In November 2016, the Colombian government and the Revolutionary Armed Forces of Colombia (FARC) signed the final peace agreement, bringing a formal end to the 53-year-old Colombian internal armed conflict. The agreement addresses many of the conflict´s root causes, including limited access to land and a wide development gap between urban and rural areas. According to official estimates, more than 260,000 people were killed in the armed conflict solely in the period between 1985 and 2016, and more than 8 million victims (including 7.1 millions of IDPs) now expect a proper response in terms of truth, justice and reparation.
Colombia entered a more difficult phase following the signature of the peace agreement and now faces the challenges of developing and implementing a process to reintegrate former combatants, taking forward transitional justice, and tackling the root causes of conflict through the corresponding provisions of the peace agreement. There is also significant opposition to the peace agreement in the national political arena, which is unfolding as the country prepares for a second presidential election round in June 2018, where one out of the two final candidates has reservations about the agreement.
PBF Investments in Colombia:
Total allocation: $17 million invested since 2014
Current portfolio: 15 million
Rule of law
Reconciliation and social cohesion
Partners: UNDP, FAO, UNICEF, IOM, UNHCR, OHCHR, UNWOMEN, WFP, UNMAS (UNOPS), HALO Trust Fund, Norwegian People’s Aid, Pastoral Caritas Colombia, CEPDIPO
The PBF has been active in Colombia since January 2014, when it supported communications for peace through the UN-led ‘Respira Paz’ (Breath Peace) campaign. The initiative was implemented through an inclusive and engaging approach that included mobile cinema, transmission of radio serial dramas and peacerelated activities in conflict-affected municipalities.
The positive messages of ‘Respira Paz’ were later complemented by a campaign spearheaded by Colombia’s business community that encourages the population to envision their individual contributions to Colombia’s peaceful future.
In 2017, PBF further supported the peace agreement accelerating collective reparation of victims in areas close to FARC cantonment sites. Reparation measures include a range of restorative actions prioritized by the victims themselves, to repair the damages suffered by the conflict. Initiatives include measures to rebuild social cohesion, repair community infrastructures and promote local agricultural and economic development. Following a request from the President of Colombia, the UN Secretary-General declared Colombia eligible to access the Peacebuilding Fund in June 2017. With PBF funding, the UN system in Colombia supported the Government in meeting some of the commitments under the Peace Agreement, and increased the confidence of populations most affected by the armed conflict in state institutions.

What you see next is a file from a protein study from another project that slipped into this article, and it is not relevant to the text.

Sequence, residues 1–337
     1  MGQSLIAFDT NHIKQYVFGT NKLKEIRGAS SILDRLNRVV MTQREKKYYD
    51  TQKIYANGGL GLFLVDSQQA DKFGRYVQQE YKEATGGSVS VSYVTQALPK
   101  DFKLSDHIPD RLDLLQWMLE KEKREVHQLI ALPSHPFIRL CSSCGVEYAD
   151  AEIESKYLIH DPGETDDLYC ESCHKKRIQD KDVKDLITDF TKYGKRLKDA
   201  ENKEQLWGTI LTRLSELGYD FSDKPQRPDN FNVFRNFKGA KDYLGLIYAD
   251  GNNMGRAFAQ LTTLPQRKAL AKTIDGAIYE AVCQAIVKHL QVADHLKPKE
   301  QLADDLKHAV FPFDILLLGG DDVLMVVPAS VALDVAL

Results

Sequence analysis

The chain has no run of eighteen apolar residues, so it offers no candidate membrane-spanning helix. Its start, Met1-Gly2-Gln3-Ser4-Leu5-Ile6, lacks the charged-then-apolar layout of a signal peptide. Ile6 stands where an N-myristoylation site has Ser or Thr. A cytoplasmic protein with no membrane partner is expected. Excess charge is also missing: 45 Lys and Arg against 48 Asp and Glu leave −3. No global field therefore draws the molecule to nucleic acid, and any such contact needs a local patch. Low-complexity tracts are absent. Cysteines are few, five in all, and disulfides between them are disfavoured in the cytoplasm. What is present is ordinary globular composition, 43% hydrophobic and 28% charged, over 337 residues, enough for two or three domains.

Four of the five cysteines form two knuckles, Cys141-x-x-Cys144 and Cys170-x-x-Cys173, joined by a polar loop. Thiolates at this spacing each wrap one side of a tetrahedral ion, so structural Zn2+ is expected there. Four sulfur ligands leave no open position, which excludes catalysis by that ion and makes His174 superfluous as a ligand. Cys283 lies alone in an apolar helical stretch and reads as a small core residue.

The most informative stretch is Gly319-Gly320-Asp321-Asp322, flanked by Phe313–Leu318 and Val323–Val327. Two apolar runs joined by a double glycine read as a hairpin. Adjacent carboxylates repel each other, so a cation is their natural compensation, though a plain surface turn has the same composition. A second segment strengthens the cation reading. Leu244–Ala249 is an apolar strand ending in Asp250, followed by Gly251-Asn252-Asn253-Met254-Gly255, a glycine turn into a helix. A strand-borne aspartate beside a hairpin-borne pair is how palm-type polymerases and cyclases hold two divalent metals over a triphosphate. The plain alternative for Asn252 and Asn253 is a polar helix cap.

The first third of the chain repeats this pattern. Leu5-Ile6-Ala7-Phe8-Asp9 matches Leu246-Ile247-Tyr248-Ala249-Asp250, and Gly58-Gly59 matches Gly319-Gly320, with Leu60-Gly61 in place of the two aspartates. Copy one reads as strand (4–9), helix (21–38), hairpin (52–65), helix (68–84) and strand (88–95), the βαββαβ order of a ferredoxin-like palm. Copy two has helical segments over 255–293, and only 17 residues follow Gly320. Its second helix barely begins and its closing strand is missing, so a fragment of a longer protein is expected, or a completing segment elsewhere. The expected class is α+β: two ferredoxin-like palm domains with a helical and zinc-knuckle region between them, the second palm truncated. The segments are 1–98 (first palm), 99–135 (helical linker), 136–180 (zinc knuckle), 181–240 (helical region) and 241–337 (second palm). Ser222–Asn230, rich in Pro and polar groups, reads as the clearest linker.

The Colombian Peacebuilding Priority Plan (PPP), signed in September 2017, focuses on the following three interrelated outcome areas:
1. Comprehensive stabilization interventions in territories affected by the armed conflict, aimed at promoting economic recovery and reducing the risk of a resurgence of violence, particularly as related to historically vulnerable populations, with an emphasis on addressing the needs of youth.
2. Reintegration interventions aimed at breaking the link between politics and violence by supporting the former guerrilla group’s transformation into a democratic political actor, and the design and implementation of social/economic reintegration programs, particularly in underserved urban and ethnic communities.
3. Action to accelerate the establishment and operation of the Comprehensive System for Truth, Justice, Reparations and Non-Recurrence, and providing durable solutions for victims of forced displacement.